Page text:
Legal Help for Divorce and Property Settlement

When you apply for a property settlement, the Court determines the application by way of a “4-step” process.

If you are looking for a lawyer in Sydney to do your property settlement, or for further information in relation to a property settlement, please do not hesitate in contacting any member of our Family Law Team.

I have a question about:

  • What is the 4-step” process in an Application for a Property Settlement?

    Step 1 – Identifying and valuing the assets, liabilities and financial resources of the parties.

    This first step involves identifying and valuing the assets, liabilities and financial resources of the parties. This includes all assets, liabilities and financial resources, whenever and however acquired. In many cases this is a simple part of the process. However, in some cases, particularly those involving businesses, the valuation exercise can be quite complex and require the involvement of specialist experts.

    Step 2 – Assessment of the contributions made by the parties.

    The second step involves the assessment of the contributions made by the parties.

    These include:

    • Direct and indirect financial contributions to the property of the parties;
    • Direct and indirect non-financial contributions to the property of the parties; and
    • Contributions to the welfare of the family including contributions in the capacity of homemaker or parent.

    Under what circumstances may the Court find that the contributions of the parties were other than equal?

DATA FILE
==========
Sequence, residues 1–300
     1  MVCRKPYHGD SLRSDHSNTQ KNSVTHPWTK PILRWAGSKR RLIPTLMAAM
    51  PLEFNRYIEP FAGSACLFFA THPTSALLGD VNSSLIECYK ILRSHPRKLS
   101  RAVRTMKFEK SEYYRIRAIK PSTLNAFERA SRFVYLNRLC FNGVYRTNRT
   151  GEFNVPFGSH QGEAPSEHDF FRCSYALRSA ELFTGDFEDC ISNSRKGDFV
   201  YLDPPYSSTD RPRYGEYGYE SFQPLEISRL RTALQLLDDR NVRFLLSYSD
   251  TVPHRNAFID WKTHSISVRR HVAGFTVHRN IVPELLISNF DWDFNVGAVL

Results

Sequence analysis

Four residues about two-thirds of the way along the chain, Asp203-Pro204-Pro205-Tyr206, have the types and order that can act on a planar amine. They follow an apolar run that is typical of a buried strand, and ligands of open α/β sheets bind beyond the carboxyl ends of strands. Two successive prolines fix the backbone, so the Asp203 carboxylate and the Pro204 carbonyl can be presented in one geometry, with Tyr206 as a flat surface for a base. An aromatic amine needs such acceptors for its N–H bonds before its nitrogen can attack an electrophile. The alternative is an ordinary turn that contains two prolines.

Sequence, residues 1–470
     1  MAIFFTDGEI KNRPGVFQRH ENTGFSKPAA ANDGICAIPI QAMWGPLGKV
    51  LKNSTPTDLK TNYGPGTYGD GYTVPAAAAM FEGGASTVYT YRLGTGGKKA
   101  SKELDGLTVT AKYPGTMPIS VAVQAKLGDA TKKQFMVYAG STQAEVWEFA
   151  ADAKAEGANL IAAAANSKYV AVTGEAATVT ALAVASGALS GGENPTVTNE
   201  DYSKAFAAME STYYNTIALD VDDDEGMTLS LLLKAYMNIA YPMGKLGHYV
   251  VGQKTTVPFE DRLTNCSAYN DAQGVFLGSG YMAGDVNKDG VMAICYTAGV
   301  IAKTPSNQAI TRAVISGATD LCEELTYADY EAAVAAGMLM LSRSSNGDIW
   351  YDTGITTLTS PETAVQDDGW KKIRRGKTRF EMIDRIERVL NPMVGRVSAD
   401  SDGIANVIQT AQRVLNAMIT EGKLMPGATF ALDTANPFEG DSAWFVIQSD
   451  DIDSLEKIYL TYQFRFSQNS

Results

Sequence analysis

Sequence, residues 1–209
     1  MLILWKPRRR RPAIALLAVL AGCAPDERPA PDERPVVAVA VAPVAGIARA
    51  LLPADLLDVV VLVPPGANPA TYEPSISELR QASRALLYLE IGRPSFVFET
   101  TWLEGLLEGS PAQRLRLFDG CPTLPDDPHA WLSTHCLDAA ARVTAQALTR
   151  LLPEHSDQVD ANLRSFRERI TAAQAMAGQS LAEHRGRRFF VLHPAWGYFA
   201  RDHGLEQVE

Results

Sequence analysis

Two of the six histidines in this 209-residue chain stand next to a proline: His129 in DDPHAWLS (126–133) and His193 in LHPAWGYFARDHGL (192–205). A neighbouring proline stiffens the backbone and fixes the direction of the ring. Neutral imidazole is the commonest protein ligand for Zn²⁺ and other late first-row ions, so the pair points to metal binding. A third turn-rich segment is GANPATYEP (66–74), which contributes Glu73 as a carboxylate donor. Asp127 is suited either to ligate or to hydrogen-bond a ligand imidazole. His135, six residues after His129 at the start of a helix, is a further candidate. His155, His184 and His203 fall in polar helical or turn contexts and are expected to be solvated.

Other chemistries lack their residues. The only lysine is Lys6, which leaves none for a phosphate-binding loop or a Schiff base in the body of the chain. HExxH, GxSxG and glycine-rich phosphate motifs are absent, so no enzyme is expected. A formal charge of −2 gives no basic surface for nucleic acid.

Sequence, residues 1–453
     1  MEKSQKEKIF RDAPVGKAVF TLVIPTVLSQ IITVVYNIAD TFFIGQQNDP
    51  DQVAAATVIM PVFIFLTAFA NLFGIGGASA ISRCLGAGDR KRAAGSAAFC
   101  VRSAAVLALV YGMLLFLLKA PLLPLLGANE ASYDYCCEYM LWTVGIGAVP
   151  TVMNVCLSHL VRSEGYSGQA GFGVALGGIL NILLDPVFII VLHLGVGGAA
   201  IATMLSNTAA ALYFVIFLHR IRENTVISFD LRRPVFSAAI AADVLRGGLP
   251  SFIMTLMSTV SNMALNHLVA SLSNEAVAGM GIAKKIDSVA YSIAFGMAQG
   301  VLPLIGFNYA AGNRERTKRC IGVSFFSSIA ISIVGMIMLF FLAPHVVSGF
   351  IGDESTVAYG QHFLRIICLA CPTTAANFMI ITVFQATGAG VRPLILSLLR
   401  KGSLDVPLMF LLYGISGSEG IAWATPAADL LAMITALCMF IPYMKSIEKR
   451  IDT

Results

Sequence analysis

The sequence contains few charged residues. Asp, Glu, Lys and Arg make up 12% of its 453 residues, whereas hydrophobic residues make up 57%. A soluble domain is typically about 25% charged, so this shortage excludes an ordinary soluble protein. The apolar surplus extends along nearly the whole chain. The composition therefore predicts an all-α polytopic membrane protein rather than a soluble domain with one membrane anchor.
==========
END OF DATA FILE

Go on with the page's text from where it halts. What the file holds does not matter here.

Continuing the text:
In many cases, particularly where there has been a long marriage, the Court will form the view that the parties have contributed equally.

    The Court may find that the contributions of the parties were other than equal, particularly in the following instances:

    • Where the marriage or de facto relationship is short and there are no children, in which case the Court will be principally concerned about the direct financial contributions made by each of the parties;
    • Where only one of the parties has entered the relationship with considerably more assets than the other party; where one of the parties has made a substantial contribution by way of an inheritance, gift from family or personal injury settlement;
    • Where one of the parties has brought to the marriage or de facto relationship special skills or has made outstanding efforts which have resulted in the accumulation of substantial wealth; or
    • Where the deliberate or reckless conduct of one of the parties has resulted in a loss to the parties. Step 3 – Assessing the future needs of each of the parties.

    Step 3 involves assessing the future needs of each of the parties. The Court must consider such things as:

    • The age and state of health of each of the parties;
    • The income, property and financial resources of each of the parties and their capacity for employment;